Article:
Show/hide main menu

Level 7

7AACM800 Research Training and Dissertation in Classical Reception

Credit value: 60 credits
Module convenor/tutor: Dr Dan Orrells (dissertation supervisor allocated depending on dissertation topic)
Teaching pattern: 10 x 2-hour training seminars (weekly in Semester 1); dissertation meetings as agreed with supervisor
Assessment: 1 x dissertation of no more than 12,000 words (100%)

Students are reassessed in the failed elements of assessment and by the same methods as the first attempt.

The dissertation is the core element of the MA in The Classical World & its Reception: this module aims to provide the student with an advanced introduction to classical reception studies through a series of training seminars in the first semester.

The story of the invention of modernity is a story about how successive intellectuals, writers and artists have defined their modernity in relation to an ancient past. The Renaissance emerged out of an intense engagement with ancient Greece and Rome; the seventeenth century played out the so­ called quarrel of the ancients and moderns; the eighteenth-­century enlightenment emerged out of profound reflection on ancient literature, philosophy and art; and nineteenth-­ and twentieth-­century colonialisms justified their rationales and practices through reference to Greek and Roman imperialism. The history of western modernity is also the history of the reception of antiquity. It is this story which this module explores, in its aim to introduce students to the principal issues, ideas and methods involved in studying the reception of the classical world across a range of periods, societies, and media.

The module will examine the reception of the past within antiquity itself, and then move on to consider the reception of antiquity within successive, chronologically ordered periods after antiquity, beginning with late antiquity and Byzantine culture, culminating in antiquity in modern global politics.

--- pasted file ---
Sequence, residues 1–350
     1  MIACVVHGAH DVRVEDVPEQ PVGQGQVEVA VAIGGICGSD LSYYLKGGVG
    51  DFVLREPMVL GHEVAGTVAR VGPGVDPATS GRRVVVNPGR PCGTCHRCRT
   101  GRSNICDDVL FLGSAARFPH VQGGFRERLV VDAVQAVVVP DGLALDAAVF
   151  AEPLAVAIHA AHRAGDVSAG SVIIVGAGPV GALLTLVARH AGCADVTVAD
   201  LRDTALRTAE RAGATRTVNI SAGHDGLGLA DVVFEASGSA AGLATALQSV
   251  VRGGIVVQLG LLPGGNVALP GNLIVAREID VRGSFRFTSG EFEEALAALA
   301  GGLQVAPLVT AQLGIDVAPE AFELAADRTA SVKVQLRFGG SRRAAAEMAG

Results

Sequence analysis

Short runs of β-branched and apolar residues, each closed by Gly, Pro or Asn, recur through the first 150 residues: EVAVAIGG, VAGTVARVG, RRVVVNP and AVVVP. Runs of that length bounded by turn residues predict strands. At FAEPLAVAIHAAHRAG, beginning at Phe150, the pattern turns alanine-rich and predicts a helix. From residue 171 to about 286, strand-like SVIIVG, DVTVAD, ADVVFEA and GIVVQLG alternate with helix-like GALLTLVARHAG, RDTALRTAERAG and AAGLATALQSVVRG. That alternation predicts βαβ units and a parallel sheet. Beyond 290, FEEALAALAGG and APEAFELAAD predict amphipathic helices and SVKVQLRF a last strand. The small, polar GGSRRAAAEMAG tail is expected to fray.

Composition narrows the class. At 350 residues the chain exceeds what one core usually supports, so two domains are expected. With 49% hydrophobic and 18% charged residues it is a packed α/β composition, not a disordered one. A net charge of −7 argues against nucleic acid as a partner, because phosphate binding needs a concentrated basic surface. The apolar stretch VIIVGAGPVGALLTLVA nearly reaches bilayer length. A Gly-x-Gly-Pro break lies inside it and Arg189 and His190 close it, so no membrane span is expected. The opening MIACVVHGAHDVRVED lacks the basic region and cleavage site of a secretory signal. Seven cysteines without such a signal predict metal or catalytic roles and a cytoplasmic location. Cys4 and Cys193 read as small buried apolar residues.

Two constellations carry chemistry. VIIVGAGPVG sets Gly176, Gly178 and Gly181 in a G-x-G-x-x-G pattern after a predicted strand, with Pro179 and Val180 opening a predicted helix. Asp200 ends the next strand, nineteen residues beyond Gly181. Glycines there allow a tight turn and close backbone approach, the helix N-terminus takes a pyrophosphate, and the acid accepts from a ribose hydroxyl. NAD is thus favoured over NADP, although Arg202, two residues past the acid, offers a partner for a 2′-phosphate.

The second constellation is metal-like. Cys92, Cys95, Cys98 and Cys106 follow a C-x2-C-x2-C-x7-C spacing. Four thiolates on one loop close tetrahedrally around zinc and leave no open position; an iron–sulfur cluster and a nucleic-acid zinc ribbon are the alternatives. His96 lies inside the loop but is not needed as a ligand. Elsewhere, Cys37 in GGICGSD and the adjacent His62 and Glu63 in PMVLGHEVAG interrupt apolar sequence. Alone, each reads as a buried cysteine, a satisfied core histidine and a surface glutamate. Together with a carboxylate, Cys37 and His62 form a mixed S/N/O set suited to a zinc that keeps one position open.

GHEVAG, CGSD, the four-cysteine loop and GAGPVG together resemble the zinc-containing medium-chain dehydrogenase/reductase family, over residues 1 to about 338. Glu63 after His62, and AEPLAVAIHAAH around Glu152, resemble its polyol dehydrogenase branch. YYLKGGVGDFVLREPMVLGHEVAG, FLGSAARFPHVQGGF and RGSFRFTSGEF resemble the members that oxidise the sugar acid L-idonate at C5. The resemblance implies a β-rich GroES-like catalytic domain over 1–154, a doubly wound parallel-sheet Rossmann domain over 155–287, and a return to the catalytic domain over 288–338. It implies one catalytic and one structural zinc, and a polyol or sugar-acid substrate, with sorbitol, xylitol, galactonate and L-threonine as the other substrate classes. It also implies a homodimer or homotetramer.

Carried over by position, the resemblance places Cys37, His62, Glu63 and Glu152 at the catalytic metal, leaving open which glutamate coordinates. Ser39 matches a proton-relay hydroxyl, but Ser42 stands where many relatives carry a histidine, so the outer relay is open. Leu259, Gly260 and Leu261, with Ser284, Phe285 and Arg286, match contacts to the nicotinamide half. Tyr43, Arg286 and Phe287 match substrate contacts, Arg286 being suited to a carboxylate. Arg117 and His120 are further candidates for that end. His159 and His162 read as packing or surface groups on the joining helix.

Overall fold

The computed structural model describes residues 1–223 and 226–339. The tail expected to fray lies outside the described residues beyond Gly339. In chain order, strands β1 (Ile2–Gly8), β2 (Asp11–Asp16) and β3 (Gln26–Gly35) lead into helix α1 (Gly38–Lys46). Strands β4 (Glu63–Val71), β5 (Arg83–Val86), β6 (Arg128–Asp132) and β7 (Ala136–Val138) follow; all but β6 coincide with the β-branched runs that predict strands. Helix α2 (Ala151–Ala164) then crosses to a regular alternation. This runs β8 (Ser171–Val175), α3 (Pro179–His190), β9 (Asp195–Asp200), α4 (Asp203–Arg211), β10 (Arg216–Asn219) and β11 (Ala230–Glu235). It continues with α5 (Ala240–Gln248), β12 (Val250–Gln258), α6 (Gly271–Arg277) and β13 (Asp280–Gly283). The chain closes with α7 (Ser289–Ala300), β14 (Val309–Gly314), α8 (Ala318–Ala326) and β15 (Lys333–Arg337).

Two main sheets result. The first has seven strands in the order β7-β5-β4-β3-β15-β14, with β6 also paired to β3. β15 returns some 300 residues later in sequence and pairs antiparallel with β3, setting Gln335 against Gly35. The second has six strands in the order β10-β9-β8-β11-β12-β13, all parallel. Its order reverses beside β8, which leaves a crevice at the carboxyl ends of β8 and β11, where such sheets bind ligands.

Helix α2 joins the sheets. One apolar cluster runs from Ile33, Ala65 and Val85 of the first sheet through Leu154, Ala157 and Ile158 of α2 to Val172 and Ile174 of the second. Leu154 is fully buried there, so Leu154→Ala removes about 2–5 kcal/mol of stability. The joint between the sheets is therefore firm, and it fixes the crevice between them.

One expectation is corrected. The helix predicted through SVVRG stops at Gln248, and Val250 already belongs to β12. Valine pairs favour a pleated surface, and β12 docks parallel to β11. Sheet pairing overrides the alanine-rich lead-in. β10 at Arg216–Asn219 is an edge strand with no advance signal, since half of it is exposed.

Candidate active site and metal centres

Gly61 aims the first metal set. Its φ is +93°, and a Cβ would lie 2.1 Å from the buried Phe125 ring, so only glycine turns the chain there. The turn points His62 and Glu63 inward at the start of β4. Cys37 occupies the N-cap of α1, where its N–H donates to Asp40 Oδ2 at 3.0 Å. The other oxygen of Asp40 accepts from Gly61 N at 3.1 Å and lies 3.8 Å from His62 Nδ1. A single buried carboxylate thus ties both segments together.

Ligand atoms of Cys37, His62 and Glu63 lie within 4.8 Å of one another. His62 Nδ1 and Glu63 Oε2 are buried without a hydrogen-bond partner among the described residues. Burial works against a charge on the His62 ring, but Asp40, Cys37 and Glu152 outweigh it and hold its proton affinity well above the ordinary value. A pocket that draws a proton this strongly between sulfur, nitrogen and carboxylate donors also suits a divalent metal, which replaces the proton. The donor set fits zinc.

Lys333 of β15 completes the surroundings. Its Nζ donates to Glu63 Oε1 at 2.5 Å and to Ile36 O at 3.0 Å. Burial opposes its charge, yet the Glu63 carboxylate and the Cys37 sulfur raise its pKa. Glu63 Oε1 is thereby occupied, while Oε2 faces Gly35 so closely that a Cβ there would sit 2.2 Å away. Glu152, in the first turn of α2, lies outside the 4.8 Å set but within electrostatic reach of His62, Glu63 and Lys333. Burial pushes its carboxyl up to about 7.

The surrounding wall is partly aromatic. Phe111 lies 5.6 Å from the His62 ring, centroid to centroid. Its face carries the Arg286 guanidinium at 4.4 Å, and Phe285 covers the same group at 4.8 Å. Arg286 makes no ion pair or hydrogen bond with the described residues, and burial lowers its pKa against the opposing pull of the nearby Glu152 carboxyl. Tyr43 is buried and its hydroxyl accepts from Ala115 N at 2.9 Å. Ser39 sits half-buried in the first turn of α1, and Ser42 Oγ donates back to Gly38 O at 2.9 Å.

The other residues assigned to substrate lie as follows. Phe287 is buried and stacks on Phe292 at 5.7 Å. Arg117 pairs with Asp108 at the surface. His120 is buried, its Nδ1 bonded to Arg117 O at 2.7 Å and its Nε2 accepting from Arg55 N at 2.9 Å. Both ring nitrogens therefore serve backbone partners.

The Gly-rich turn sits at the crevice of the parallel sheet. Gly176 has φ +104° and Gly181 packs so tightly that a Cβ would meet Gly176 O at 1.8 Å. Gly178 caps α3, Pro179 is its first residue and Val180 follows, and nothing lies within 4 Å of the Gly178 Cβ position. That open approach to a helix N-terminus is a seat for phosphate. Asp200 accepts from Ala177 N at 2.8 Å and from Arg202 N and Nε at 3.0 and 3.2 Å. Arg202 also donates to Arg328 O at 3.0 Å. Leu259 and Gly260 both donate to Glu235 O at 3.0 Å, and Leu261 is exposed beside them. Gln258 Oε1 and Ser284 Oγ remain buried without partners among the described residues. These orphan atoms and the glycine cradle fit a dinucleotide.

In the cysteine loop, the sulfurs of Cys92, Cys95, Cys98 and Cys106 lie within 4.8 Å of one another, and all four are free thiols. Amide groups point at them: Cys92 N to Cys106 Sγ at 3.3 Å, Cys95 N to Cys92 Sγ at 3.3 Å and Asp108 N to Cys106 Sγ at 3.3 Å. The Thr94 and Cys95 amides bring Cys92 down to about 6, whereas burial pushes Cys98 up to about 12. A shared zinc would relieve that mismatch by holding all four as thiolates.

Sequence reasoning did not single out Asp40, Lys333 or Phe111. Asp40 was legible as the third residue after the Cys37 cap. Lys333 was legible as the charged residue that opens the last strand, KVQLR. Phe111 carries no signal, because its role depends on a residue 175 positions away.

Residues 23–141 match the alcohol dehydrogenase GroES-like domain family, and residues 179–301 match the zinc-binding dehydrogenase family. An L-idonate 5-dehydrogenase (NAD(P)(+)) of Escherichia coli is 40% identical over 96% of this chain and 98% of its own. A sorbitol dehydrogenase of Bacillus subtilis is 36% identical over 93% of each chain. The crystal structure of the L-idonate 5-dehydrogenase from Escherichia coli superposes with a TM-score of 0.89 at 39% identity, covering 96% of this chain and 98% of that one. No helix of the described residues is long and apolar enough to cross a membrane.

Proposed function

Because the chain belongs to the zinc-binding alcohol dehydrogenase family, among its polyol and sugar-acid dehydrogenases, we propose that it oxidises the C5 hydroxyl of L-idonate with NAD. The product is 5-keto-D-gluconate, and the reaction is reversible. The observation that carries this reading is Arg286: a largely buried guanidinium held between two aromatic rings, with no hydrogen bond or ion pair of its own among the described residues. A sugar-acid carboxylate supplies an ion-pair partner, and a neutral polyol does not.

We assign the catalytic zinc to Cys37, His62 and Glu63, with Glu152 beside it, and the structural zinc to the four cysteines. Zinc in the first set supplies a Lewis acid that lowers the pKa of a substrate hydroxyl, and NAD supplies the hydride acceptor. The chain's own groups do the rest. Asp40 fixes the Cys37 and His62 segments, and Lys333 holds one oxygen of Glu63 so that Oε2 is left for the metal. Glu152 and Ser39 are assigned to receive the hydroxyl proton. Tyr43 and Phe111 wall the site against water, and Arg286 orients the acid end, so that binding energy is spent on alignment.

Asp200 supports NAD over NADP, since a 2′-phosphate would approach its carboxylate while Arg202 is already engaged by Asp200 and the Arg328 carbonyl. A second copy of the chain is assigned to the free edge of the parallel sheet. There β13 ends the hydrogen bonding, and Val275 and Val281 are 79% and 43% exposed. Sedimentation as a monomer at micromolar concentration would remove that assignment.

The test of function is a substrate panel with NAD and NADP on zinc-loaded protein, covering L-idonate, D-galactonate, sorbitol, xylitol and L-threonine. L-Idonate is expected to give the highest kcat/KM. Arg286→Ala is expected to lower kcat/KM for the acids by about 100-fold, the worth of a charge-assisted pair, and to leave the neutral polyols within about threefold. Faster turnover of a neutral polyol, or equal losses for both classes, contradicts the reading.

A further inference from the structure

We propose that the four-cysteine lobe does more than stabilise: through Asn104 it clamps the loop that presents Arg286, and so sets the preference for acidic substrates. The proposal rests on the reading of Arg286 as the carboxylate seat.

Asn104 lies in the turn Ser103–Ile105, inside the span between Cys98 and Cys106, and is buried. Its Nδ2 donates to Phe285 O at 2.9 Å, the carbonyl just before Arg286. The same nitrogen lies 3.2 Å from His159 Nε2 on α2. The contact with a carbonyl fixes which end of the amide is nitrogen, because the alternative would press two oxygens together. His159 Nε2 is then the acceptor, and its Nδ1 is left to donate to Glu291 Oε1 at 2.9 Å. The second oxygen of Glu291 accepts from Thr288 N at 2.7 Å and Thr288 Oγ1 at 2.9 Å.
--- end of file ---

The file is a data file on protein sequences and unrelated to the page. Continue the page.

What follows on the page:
The course will also equip students with tools and methodologies so that they can conduct their own independent research in classical reception studies.

Information and guidance on all aspects of your dissertation can be found in the Student Handbook.

Suggested introductory reading

This is suggested reading and purchase of these books is not mandatory.

General literary and intellectual history:

  • Auerbach,  Erich. Mimesis: The Representation of Reality in Western Thought (Princeton, 2013)
  • Bolgar, R.R.  The Classical Heritage and its Beneficiaries (Cambridge, 1954)
  • Curtius, E.R. European Literature and the Latin Middle Ages (London, 1985)
  • Hardwick, L. Reception Studies (Oxford, 2003)
  • Martindale, R. Redeeming the Text: Latin Poetry and the Hermeneutics of Reception (Cambridge, 1993)
  • Martindale, R. and R.F. Thomas, Classics and the Uses of Reception (Blackwell, 2006)

On 'humanism':

  • Kray, Jill, Cambridge Companion to Renaissance Humanism (Cambridge, 1996)
  • Kristeller, Paul Oskar, Renaissance Thought: The Classic, Scholastic and Humanistic Strains (New York: Harper and Row, 1961)
  • Caruso, Carlo and Laird, Andrew 'The Italian Classical Tradition, Language and Literary History', in Caruso and Laird ed. Italy and the Classical Tradition: Language, Thought and Poetry 1300-1600 (London, 2009)

Renaissance Latin poetry and epic:

  • Hardie, Philip, R. ‘After Rome: Renaissance Epic’ in: Roman Epic ed. A.J. Boyle, (London, 1993), 294-313
  • Kallendorf, Craig, In Defense of Aeneas (Hanover and London, 1989)
  • David Quint, Epic and Empire: Politics and generic form from Virgil to Milton (Princeton, 1993)

Modern receptions:

  • Greenwood, E. Afro-Greeks: Dialogues between Anglophone Caribbean Literature and Classics in the Twentieth Century (Oxford, 2010)
  • Goldhill, S. Victorian Culture and Classical Antiquity (Princeton, 2011)
  • Harloe, K. Winckelmann and the Invention of Antiquity: History and Aesthetics in the Age of Altertumswissenschaft (Oxford, 2013)
  • Leonard, M. Tragic Modernities (Cambridge, Mass., 2015)
  • Orrells, D. Sex: Antiquity and its Legacy (London/New York, 2015)
  • Orrells, D. G. Bhambra, and T. Roynon African Athena: New Agendas (Oxford, 2011)
  • Rankine, P. Ulysses in Black:  Ralph Ellison, Classicism, and African American literature (Madison, Wis., 2006)
  • Roynon, T. Transforming America: Toni Morrison and Classical Tradition (Oxford, 2013)
  • Stray, C. Classics Transformed: Schools, Universities, and Society in England, 1830-1960 (Oxford, 1998)
  • Valdez, D. German Philhellenism: The Pathos of the Historical Imagination from Winckelmann to Goethe (Basingstoke, 2014)
  • Vasunia, P. The Classics and Colonial India (Oxford, 2014)
Sitemap Site help Terms and conditions  Privacy policy  Accessibility  Modern slavery statement  Contact us

© 2020 King's College London | Strand | London WC2R 2LS | England | United Kingdom | Tel +44 (0)20 7836 5454